Close-up Of Gavel On Wooden Desk justice court law

Colorado needs two additional trial court judges on its seven-member court, the policymaking body for the federal judiciary affirmed on Tuesday.

The U.S. Judicial Conference, which consists of members from all of the circuit courts of appeals nationwide, released a proposal to add 79 federal judgeships, 77 of which would be at the U.S. District Court level throughout the country. Congress last approved a comprehensive bill to add judges in 1990, and most recently added a trial court judgeship in Colorado in 1984, when the state's population was roughly half of what it is today.

The Judicial Conference's recommendation for Colorado has held constant since 2019.

Currently, there is one vacancy in Colorado's federal trial court, and U.S. District Judge R. Brooke Jackson has already announced he will step down as an active judge effective at the end of September. Colorado's U.S. senators have also made one recommendation to the White House to fill the existing vacancy, but so far there have been no formal nominations.

U.S. Senate Majority Leader Chuck Schumer, D-N.Y., said on Monday the Senate would consider judicial nominees once the Biden administration's Cabinet is in place, which would "restore the balance to the bench" after four years of judge appointments from former President Donald Trump.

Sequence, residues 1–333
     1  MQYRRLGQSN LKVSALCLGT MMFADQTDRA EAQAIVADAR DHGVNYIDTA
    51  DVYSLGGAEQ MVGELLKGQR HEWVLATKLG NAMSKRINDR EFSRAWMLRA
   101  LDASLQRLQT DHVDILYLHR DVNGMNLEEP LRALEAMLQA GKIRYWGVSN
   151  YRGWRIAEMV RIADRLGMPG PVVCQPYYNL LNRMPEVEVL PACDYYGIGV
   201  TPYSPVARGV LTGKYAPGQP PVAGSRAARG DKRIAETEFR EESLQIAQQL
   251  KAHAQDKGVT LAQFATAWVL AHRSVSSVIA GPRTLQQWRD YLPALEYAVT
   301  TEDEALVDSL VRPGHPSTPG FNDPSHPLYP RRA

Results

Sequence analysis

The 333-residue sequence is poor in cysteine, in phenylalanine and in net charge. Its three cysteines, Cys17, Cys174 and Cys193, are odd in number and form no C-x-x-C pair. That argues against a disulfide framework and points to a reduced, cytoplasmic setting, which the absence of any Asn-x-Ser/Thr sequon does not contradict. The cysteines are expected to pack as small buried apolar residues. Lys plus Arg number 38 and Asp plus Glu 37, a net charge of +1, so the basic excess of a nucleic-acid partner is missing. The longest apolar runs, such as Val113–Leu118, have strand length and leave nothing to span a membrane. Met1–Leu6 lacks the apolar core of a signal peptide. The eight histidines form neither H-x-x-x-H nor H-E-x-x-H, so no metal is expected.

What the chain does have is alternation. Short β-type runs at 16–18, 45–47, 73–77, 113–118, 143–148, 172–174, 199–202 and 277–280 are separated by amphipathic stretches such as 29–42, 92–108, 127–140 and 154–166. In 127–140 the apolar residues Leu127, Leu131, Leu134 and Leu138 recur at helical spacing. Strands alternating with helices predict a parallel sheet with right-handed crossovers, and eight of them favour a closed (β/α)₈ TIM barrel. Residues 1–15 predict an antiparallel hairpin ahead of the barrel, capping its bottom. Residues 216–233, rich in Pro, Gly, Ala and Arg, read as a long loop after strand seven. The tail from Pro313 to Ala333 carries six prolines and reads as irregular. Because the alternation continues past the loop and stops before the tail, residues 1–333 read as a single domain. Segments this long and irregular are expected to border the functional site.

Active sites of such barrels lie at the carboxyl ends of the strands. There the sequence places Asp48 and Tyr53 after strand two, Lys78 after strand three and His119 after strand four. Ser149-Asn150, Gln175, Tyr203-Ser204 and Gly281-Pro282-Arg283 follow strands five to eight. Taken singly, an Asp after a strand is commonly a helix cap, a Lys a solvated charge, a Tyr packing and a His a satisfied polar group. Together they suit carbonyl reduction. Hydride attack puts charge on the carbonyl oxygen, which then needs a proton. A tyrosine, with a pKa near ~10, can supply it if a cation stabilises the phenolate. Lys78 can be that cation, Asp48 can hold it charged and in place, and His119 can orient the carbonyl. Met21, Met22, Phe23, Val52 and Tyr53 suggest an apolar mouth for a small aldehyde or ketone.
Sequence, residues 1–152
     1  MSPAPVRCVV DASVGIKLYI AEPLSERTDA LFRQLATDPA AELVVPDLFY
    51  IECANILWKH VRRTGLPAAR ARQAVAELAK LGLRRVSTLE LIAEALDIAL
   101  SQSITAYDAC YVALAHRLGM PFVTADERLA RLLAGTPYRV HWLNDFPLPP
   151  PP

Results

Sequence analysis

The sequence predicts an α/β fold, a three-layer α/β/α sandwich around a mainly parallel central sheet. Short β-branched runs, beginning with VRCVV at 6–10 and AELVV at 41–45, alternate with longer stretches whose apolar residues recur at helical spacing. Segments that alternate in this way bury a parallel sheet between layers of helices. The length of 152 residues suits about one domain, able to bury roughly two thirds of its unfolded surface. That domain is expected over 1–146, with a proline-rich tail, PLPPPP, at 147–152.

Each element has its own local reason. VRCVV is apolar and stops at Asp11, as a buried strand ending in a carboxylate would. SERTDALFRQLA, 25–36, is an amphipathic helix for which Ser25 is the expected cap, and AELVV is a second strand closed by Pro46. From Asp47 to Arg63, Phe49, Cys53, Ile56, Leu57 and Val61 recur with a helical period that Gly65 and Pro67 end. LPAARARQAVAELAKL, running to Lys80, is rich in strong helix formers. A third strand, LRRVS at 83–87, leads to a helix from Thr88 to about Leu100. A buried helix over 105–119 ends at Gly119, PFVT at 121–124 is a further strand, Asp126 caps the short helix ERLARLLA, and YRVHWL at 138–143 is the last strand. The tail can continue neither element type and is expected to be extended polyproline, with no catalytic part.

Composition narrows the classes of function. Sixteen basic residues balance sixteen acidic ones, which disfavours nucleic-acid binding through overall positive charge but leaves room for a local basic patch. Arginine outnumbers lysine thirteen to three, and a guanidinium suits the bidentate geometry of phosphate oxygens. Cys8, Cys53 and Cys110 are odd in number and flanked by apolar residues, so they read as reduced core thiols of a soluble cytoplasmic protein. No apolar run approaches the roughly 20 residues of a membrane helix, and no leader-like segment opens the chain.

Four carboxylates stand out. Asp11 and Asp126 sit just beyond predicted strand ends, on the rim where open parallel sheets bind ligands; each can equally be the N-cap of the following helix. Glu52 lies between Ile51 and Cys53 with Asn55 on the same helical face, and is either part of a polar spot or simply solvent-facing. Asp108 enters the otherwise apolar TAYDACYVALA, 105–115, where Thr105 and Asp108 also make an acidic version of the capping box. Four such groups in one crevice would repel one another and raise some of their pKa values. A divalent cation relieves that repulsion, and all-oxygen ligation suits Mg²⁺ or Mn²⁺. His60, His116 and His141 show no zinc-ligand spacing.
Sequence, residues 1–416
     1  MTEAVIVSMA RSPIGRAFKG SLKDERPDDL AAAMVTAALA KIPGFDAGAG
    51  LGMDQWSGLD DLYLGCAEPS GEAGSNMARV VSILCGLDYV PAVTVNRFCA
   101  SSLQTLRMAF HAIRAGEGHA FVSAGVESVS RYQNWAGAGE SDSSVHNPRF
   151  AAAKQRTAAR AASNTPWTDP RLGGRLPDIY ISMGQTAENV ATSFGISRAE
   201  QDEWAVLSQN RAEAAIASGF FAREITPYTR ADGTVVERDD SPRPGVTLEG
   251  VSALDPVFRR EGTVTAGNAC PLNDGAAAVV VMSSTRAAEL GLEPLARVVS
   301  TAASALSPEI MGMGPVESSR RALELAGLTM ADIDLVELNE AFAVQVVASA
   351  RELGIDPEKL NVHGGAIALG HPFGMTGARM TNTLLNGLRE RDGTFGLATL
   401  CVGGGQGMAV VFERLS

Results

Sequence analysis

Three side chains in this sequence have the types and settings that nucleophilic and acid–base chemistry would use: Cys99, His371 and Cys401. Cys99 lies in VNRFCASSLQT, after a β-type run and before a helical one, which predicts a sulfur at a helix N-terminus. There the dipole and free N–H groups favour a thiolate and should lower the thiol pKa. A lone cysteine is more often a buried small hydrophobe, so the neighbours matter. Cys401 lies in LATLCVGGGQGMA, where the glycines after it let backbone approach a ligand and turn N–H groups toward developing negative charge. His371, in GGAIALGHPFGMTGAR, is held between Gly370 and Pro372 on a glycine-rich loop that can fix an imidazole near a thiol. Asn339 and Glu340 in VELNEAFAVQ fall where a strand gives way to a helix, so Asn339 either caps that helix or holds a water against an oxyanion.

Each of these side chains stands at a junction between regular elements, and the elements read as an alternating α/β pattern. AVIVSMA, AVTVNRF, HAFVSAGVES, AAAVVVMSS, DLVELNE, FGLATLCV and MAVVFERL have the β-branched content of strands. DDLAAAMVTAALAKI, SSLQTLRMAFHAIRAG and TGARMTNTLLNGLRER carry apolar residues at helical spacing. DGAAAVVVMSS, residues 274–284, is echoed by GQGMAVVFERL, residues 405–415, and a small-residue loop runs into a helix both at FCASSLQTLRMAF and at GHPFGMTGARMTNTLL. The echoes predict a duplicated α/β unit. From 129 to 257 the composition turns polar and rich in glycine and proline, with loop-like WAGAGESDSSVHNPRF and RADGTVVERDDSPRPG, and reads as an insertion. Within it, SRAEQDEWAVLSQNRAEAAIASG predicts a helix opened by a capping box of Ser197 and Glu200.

U.S. Rep. Joe Neguse has already introduced legislation to create three new judicial posts in Colorado. The Judicial Conference has declared a "judicial emergency" for Colorado, given a current volume of 641 weighted case filings per judge in a calendar year. The goal is to maintain 430 filings per judge.

"Since the last omnibus judgeship bill was enacted, the caseload in the district courts had risen 47 percent" prior to the COVID-19 pandemic, the Judicial Conference explained. "As of fiscal year 2020, filings in the courts of appeals had risen 12 percent since 1990."

Although not every judicial district in the country merited a recommendation for new judges, the Judicial Conference recommended boosting the number of judges in the Los Angeles-based Central District of California by 15 judges, and adding 11 judges in Florida's three judicial districts.

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